Team Change scheduled to hold first meetings at VSCC

By Miguel Detillier

Team Change are planning to have their first meetings this week at Volunteer State Community College.

Le-Ellen Dayhuff, Assistant Professor of Math, said that these meetings will start from 2:20 p.m. on Sept. 7 and 8. Dayhuff also said that this club has not made any confirmation on where they will have their first meetings.

“We are also planning to have a community-wide stream clean-up event on Saturday, Sept. 17 at Mansker Creek in Goodlettsville from 9 a.m.-noon, and this event can count for TN Promise hours to students who are on the TN Promise scholarship,” said Kelly Ormsby, Assistant Professor of English. “Not only this event will help out our environment, but it will also help improve our water quality.”

Dayhuff said that this club will be advertising the stream clean up event at Team Change meetings this week.

“Besides getting involved in stream clean-ups, we have also participated in many events like Earth Hour when they handed out reusable metal water bottles to students who participated in Earth Hour, and at the Earth Day Festival when they did a drawing for students to win t-shirts made out of recycled plastic,” said Dayhuff. “We would also have speakers on campus like Jeff Barry who spoke out on energy savings, and sometimes we would also sometimes show films, and that we would also do workdays at the Vol State Community Garden and tree dedications to retired Vol State faculty members like when we grew two trees in dedication of Nancy Morris and Richard Harville, and we would also participate in tree plantings at parks with the Tennessee Environmental Council.”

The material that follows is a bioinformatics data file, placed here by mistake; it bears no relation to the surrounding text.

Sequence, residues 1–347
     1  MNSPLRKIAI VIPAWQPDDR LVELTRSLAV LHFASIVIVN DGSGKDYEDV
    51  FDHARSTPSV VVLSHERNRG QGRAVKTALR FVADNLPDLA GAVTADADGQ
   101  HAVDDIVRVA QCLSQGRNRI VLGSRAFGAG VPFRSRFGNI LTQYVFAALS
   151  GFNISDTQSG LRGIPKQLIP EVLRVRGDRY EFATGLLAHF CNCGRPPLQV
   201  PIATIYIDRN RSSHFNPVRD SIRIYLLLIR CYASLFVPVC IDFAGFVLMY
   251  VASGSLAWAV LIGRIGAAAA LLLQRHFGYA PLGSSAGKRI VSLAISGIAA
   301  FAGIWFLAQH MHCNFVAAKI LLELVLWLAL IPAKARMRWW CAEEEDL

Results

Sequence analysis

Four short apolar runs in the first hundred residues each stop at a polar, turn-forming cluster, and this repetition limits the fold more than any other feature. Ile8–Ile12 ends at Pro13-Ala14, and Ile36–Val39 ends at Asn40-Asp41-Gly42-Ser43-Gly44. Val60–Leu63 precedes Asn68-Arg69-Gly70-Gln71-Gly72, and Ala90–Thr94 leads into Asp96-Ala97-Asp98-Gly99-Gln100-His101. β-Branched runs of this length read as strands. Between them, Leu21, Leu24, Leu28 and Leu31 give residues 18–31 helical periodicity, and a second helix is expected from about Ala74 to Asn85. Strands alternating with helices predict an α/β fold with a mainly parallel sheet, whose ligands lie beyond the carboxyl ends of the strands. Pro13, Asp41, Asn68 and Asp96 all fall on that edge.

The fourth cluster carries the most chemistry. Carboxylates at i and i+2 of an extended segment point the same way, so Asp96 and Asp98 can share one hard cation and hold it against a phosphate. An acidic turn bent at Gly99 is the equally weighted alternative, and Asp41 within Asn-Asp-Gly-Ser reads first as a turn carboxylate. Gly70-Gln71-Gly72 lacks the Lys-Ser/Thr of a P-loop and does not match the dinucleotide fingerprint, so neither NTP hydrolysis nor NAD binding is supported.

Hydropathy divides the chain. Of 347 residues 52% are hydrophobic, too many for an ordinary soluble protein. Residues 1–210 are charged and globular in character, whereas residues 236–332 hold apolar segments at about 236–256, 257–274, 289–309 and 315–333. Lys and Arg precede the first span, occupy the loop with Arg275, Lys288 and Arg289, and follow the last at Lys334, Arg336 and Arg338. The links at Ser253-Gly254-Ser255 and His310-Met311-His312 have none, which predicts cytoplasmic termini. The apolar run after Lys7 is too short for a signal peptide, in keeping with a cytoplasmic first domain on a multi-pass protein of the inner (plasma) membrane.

Keith Bell, Associate Professor of Geography, said that Team Change is part of the Campus Sustainability Committee, and that the core mission of the Committee is to allocate funds procured from the Sustainable Campus Fee Program in a responsible and effective manner. Bell also said that the Campus Sustainability Committee seeks to reduce the rate at which Vol State contributes to the depletion and degradation of natural resources, and to increase the use of renewable resources, especially with the purchase of “Green Power Switch” energy from the Tennessee Valley Authority, and to adopt and expand other sustainable measures that can enhance the physical environment and decrease their ecological footprint, and to foster a culture of sustainability across campus through “green” philosophy and broad-based societal change.

“We hope that we can make campus sustainability efficient by encouraging our students to recycle and also by helping them protect our environment,” said Bell.

Ormsby confirms that this club is a great way for students to get involved around campus. Ormsby also said that she really enjoys working with students in Team Change off-campus on projects like stream clean-ups.

“Our goals for this club is to make the campus more sustainable and to help our faculty, staff, and students to be more aware of how our choices affect our environment,” said Dayhuff.

Intramurals kick off at Vol State

Sports intramurals at Volunteer State Community College will be starting this week with co-ed flag foot- ball and soccer for the fall semester.

Both of these sports will be played outside the QUAD from 11:10 a.m. to 2 p.m., and the game dates
for ag football are on Mondays and Wednesdays from Sept. 12 to Oct. 31, and the game dates for soccer are on Tuesdays and Thursdays from Sept. 13 to Nov. 3.

Intramurals just recently par- ticipated with other student clubs and organizations at the “Come-I-Wanna- See-You!” event in the QUAD on Tuesday, Aug. 25, and offered students the chance to play co-ed flag football and soccer for the fall semester.